ARE you considering setting up a joint venture (JV) in Saudi Arabia? You’re not alone. The accession of the Kingdom to the World Trade Organization and the establishment of a clear investment framework have led numerous companies to consider gaining a foothold in this, the largest, yet still developing, economy in the Arabian Gulf region.
The young, well educated Saudi population, a national budget focused on growth and a recession-proof GDP (gross domestic product) are very attractive to those firms searching for profitable markets where they can capitalize on their investments in R&D.
Abdullah Al-Rushaid, chairman and CEO, Al-Rushaid Group of Companies told Arab News how companies should proceed in creating successful JVs in the Kingdom.
Founded in 1978, Al-Rushaid Group has been a partner in 52 JVs, mostly with US co
mpanies. The group offers a diverse range of manufacturing and service related operations to facilitate the demands of the continuously expanding Saudi economy.
As someone who has never had a failed JV, Al-Rushaid believes that every successful
agreement begins with the partners knowing each other enough to understand the strengths and weaknesses that their respective companies will bring to the relationship.
“Before you go into a joint venture or partnership, start with an agency,” he advised. “Get the products or services known to the market. Then you can convert this relationship into a joint venture. Starting with a joint venture from day one isn’t very healthy. There is nothing worse than for a foreign company to enter into partnership with someone who doesn’t understand that company’s business.”
He added that the likelihood of disagreements is high when the partner doesn’t understand the business or the business model.
“In a joint venture, from the start the Saudi partner must contribute - whether by being on the board and helping develop the business direction or by using his local assets to gain market share.”
In most Saudi JVs the foreign partner is what Al-Rushaid calls “the technical partner” and the Saudi partner is the one with the local knowledge to make the venture a success. He discourages wealthy Saudi individuals from attempting to set up holding companies in which they are passive investors, as he believes such arrangements are rarely successful.
“A shareholder has to look after his interests. Technical partners are looking for an active partner not a passive investor,” he explained. “If I were someone who was an elderly man or someone who doesn’t want to bother with being involved with business every day, then I would put my money into the stock market.”
Al-Rushaid has always represented those firms that have products or services that from the start of the JV are right for businesses and industries in the Kingdom’s Eastern Province. He has found that market research is essential.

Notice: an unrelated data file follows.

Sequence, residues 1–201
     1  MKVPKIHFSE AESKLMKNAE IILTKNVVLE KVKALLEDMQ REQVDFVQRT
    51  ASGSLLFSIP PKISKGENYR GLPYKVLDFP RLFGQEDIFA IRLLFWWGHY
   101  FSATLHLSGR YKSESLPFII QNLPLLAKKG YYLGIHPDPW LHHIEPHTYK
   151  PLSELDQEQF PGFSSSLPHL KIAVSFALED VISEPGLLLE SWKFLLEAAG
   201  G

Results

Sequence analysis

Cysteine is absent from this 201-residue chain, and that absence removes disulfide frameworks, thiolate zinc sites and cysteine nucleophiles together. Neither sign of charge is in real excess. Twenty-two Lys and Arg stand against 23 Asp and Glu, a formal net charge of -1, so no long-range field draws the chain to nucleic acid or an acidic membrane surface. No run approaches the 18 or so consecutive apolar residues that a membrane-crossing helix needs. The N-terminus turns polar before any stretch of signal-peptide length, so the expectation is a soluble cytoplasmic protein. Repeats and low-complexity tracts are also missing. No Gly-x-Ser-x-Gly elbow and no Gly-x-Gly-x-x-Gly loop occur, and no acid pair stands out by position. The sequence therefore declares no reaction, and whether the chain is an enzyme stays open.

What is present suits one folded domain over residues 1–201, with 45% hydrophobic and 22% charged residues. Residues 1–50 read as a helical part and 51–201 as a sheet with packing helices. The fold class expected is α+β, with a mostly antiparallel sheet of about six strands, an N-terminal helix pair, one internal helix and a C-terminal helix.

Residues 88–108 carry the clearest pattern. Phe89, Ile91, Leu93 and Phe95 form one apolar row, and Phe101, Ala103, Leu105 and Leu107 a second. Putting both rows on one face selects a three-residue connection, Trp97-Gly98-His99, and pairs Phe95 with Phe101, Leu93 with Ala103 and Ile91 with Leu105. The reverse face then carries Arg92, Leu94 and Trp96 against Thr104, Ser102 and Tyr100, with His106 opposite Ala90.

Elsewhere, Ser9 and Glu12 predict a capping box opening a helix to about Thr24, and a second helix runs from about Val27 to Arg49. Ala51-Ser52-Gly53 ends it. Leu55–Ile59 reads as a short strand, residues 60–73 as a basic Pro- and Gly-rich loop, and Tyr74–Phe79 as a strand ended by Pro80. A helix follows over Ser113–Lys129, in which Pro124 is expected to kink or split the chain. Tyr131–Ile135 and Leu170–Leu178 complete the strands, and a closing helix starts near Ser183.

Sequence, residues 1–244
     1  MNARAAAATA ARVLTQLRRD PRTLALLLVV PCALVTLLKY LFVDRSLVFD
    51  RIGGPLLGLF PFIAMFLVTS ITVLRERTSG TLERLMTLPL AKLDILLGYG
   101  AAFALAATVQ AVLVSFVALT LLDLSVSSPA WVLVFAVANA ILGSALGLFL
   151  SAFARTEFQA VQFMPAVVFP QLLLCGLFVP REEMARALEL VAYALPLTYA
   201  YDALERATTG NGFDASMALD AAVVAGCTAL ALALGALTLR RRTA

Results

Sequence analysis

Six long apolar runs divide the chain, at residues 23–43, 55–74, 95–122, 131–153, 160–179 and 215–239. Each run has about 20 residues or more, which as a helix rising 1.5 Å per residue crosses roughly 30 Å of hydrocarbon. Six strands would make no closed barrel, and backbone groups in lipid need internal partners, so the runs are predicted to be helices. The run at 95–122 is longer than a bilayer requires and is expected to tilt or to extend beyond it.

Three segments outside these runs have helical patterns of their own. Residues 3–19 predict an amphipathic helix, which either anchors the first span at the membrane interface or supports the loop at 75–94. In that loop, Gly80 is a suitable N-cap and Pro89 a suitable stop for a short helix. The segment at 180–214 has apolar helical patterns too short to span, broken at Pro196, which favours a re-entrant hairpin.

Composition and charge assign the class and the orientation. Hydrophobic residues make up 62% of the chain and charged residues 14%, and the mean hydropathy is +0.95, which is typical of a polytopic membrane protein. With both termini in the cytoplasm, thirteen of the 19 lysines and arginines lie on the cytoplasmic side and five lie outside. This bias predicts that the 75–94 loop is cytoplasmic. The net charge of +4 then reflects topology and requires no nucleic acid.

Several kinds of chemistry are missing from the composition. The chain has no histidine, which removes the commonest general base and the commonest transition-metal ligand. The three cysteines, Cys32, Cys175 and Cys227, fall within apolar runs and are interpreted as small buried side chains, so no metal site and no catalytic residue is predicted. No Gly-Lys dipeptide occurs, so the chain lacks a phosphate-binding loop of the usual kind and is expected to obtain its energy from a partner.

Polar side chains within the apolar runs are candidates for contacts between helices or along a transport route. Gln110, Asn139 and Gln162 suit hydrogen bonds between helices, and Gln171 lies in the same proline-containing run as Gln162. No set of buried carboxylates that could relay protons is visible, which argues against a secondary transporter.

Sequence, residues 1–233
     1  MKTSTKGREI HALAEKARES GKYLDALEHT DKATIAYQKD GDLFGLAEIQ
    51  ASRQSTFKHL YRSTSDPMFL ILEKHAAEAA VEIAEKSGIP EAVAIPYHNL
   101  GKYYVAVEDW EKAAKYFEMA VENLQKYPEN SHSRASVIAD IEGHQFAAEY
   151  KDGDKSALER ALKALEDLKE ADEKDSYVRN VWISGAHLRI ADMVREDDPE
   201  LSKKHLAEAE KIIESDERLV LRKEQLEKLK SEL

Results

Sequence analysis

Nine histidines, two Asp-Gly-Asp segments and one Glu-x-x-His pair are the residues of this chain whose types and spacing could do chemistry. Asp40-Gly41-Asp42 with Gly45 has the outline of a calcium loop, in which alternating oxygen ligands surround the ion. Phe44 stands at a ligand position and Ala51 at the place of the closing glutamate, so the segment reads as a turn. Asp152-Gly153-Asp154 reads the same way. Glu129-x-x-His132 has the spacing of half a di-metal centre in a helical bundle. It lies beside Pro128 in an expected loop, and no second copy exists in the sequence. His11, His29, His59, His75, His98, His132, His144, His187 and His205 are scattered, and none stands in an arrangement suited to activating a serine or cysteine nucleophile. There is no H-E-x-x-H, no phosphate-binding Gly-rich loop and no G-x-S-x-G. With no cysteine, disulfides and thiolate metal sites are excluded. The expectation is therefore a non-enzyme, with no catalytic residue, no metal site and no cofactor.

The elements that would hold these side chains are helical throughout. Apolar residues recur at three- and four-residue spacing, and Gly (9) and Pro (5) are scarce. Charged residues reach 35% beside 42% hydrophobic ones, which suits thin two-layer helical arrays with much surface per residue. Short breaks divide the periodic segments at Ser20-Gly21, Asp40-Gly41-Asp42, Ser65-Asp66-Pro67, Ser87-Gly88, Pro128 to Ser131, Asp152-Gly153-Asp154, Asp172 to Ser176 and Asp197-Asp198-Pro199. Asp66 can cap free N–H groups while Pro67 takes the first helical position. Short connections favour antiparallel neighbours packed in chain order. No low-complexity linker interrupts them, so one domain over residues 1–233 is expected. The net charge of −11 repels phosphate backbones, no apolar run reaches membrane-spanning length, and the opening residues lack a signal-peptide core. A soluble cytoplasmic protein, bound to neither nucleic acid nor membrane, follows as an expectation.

Just because a brand sells well in Dubai, it doesn’t mean it will be a success in Saudi Arabia, he said. He added that this is particularly important with specialized technologies, where the needs of companies vary based on their working conditions. As an example, he pointed out that each oil field is different and a pump or drill bit that’s ideal for one field won’t be acceptable in another.
“The oil, gas and petrochemical industries require the continuous upgrading of technology, new equipment and enhanced design. If there is a project to build an ethylene plant in Jubail today, the demand will be to build the plant with new technology — not what was used even a few years ago,” said Al-Rushaid. “You have to make sure that whichever company you are going into a joint venture with, that they are constantly upgrading their equipment and doing research so that theirs is the latest technology in the market. Once you represent the right company with the right product, you can sell it easily. If you represent the wrong company with the wrong product, definitely there’s no market for you.”
Once the decision to move forward with the JV is made, Al-Rushaid still insists on a few essentials. He requests that his technical partner match Al-Rushaid’s JV investment “dollar for dollar.” He has found that simply bringing great technology to the relationship is not enough. The matching investment creates commitment from the technical partner and ensures that there will be continuing interest in R&D as well as the transfer of knowledge to keep the JV competitive.
He isn’t a fan of relationships where products are created under license, having seen too many instances where after many years and much investment from the Saudi side, the licensor walks away from the arrangement. That doesn’t happen where the partner has made a significant investment. Al-Rushaid will only enter into JV agreements created as per Saudi law. This includes the provision that arbitration to settle disputes must take place in the Kingdom. “You don’t want to see a Saudi employee take you to a British court,” he remarked. “That’s exactly what can happen if arbitration isn’t required to be in the Kingdom.”
So how to best proceed to create a successful venture? According to Al-Rushaid, set up an agency first. Then make a joint investment servicing those products.
“If choosing between investing in products or services, services come first,” he asserted. “People need to be confident that the equipment they’ve purchased can be kept running. There is a very strong requirement for service and maintenance of existing equipment. In the industrial world they look at not only what is cheaper to buy, but also at what is cheaper to operate. The market is always interested in better products and better served products. There are many products here that have no service behind them. Customers might make a mistake and buy those products one time but they won’t buy them again. So for success, make services your first joint investment.”
By MOLOUK Y. BA-ISA